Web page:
Politics: A Treatise on Government

Author: Aristotle
Published: 1919
Language: English
Wordcount: 101,976 / 285 pg
Flesch-Kincaid Reading Ease: 49.4
LoC Categories: J, PA
Audiobook: www.archive.org
Downloads: 8,479
mnybks.net#: 636
Origin: gutenberg.org
More Info: en.wikipedia.org
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The Politics of Aristotle is the second part of a treatise of which the Ethics is the first part. It looks back to the Ethics as the Ethics looks forward to the Politics. For Aristotle did not separate, as we are inclined to do, the spheres of the statesman and the moralist. (Translated by William Ellis.)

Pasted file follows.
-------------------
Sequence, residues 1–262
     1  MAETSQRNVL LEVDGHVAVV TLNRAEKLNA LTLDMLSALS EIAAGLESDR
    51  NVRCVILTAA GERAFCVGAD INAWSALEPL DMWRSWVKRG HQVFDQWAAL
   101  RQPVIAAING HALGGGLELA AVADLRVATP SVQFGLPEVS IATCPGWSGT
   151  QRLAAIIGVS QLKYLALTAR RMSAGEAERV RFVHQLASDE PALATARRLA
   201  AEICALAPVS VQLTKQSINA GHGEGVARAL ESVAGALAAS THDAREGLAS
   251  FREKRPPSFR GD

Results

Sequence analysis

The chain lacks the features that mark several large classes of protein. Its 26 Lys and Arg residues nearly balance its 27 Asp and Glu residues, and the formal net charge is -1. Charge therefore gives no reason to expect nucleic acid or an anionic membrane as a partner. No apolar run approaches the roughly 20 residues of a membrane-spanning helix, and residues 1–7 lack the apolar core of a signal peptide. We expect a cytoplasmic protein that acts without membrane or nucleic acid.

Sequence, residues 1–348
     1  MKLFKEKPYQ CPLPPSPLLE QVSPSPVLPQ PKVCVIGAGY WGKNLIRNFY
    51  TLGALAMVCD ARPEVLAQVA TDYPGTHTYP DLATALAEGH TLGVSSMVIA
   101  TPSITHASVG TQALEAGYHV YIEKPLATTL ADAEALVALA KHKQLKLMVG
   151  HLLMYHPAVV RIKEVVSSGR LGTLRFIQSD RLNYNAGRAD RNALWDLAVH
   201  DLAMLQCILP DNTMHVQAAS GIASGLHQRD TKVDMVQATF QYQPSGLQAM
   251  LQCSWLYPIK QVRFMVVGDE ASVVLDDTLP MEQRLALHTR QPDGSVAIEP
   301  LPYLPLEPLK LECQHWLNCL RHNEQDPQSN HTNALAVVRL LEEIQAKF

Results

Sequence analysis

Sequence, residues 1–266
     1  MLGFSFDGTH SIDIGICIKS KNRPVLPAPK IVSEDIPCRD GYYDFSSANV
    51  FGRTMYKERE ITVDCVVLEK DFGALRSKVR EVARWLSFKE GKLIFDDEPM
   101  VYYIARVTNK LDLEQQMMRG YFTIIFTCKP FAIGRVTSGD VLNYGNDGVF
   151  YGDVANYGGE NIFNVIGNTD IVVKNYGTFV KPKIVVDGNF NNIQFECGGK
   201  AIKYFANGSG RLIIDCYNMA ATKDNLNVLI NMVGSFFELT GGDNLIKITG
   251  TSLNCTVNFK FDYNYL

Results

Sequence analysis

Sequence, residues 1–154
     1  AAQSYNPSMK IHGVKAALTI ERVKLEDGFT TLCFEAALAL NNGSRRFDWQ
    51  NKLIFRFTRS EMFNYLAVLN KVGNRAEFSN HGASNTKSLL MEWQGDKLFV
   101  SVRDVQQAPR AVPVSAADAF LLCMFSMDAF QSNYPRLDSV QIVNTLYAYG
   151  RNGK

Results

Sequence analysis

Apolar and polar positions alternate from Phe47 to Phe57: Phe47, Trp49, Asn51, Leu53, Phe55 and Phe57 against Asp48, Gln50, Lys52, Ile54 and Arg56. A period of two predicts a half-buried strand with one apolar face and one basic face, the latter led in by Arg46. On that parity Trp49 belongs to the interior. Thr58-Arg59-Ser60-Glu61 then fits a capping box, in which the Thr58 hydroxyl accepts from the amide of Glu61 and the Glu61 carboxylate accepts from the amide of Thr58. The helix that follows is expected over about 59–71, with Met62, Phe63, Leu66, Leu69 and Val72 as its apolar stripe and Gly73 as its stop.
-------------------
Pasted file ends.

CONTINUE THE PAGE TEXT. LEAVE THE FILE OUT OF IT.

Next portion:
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en the legislator and the craftsman on which Plato insists, breaks down because the legislator is dealing with men like himself, men who can to some extent conceive their own end in life and cannot be treated merely as means to the end of the legislator. The sense of the value of "ruling and being ruled in turn" is derived from the experience that the ruler may use his power to subordinate the lives of the citizens of the state not to the common good but to his own private purposes. In modern terms, it is a simple, rough-and-ready attempt to solve that constant problem of politics, how efficient government is to be combined with popular control. This problem arises from the imperfection of human nature, apparent in rulers as well as in ruled, and if the principle which attempts to solve it be admitted as a principle of importance in the formation of the best constitution, then the starting-point of politics will be man's actual imperfection, not his ideal nature. Instead, then, of beginning with a state which

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